For Fall, Maiyet turned away from the faintly bohemian vibe of last Spring for something darker and sharper. Backstage, creative director Gabriella Zanzani explained the inspiration was Santiago Calatrava, both in details like embroidery and appliqués as well as architectural silhouettes. That's partly the natural progression of things for a cold-weather season, but possibly also an attempt to skirt the crunchy, ethical-fashion pigeonhole. After all, Maiyet is both luxury label and geopolitical experiment, attempting to stabilize regions of the world by employing their local artisans.

Those production locales were called out by country on the run of show. But Maiyet's ethos is both the point and not the point. Meaning: It is if you care. For those who don't, this collection still had things that might make them take notice at Barneys New York, where Spring just made its exclusive debut. Outerwear was easily the strongest category, like a lean little military car coat with felted appliqués, made in New York and India, or a chic burgundy cocoon with a narrow shawl collar and single button. Simple blouses were also chic, as was most of the jewelry, but some of the dresses with contrasting shoulders and experiments in piecing together tailoring with free-flying Indian block-printed chiffon felt less than sophisticated.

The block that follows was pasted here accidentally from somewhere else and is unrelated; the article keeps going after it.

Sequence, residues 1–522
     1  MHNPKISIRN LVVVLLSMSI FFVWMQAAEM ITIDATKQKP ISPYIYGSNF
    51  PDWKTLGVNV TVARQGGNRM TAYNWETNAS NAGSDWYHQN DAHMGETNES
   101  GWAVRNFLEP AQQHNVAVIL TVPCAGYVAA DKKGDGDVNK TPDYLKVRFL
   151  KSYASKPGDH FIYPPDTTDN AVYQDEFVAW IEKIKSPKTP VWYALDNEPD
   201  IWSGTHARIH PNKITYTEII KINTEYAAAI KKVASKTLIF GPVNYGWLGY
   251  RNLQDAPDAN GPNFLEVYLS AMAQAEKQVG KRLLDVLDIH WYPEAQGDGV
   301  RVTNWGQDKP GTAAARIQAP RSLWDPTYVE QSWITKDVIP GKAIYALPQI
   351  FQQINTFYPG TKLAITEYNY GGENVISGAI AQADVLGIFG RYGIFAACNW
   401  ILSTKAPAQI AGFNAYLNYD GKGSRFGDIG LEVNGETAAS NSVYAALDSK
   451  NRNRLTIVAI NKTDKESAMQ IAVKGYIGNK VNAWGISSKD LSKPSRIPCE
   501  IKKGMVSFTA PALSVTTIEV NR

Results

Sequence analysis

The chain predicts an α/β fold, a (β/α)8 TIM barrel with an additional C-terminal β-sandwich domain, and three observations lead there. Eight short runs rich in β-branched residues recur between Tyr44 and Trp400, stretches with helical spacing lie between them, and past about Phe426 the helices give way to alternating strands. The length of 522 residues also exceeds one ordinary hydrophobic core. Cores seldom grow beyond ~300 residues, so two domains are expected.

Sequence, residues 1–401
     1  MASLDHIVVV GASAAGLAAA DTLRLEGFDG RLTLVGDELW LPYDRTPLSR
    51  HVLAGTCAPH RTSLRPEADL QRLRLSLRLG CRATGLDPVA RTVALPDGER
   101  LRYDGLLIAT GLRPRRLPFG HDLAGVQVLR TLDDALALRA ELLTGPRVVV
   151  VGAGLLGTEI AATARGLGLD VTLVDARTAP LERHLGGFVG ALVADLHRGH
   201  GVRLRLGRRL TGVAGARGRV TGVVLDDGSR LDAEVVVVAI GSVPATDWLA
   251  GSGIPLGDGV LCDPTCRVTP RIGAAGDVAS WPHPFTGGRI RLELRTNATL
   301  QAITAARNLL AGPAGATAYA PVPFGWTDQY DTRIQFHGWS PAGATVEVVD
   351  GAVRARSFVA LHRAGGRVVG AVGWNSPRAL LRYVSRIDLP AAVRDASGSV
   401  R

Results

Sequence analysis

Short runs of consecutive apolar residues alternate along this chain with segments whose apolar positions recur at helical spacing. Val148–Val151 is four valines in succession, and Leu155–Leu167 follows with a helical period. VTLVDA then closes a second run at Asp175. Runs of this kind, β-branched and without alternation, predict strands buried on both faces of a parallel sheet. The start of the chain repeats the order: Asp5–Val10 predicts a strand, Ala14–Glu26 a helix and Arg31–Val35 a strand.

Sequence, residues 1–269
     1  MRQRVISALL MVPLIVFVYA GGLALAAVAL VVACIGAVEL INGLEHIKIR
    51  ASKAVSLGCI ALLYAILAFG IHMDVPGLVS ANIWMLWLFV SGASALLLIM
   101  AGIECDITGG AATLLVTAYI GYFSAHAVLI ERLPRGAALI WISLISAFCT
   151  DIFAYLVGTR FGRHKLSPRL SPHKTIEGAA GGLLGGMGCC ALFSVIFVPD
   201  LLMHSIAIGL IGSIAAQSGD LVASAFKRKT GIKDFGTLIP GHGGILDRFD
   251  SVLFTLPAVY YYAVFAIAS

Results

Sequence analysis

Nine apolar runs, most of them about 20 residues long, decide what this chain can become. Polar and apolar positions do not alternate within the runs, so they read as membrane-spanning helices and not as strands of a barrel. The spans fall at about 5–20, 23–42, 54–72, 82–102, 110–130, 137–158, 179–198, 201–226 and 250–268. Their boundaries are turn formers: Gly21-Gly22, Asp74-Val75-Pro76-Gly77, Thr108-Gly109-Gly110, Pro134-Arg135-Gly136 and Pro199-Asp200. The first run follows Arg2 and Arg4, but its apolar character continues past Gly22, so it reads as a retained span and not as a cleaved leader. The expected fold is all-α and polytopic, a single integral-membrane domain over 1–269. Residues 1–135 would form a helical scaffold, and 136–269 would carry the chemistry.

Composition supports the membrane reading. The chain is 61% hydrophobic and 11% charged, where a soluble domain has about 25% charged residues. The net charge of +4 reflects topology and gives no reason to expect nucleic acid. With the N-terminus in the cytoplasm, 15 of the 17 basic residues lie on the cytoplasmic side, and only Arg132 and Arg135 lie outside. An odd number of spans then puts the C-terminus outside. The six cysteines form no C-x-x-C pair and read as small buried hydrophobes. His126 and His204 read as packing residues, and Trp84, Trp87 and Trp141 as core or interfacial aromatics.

At the show, company president Kristy Caylor reported that the first season was a success, making it onto store racks in spite of tough production logistics, and making it off of them. Reorders may even be in the offing. Caylor also explained that Maiyet is ensuring smooth expansion by partnering with Indian NGO NEST to upgrade and grow their artisans' skills. All good news, but as Maiyet matures and continues to show on a Paris runway, it would be nice to see a clearer point of view also come into focus.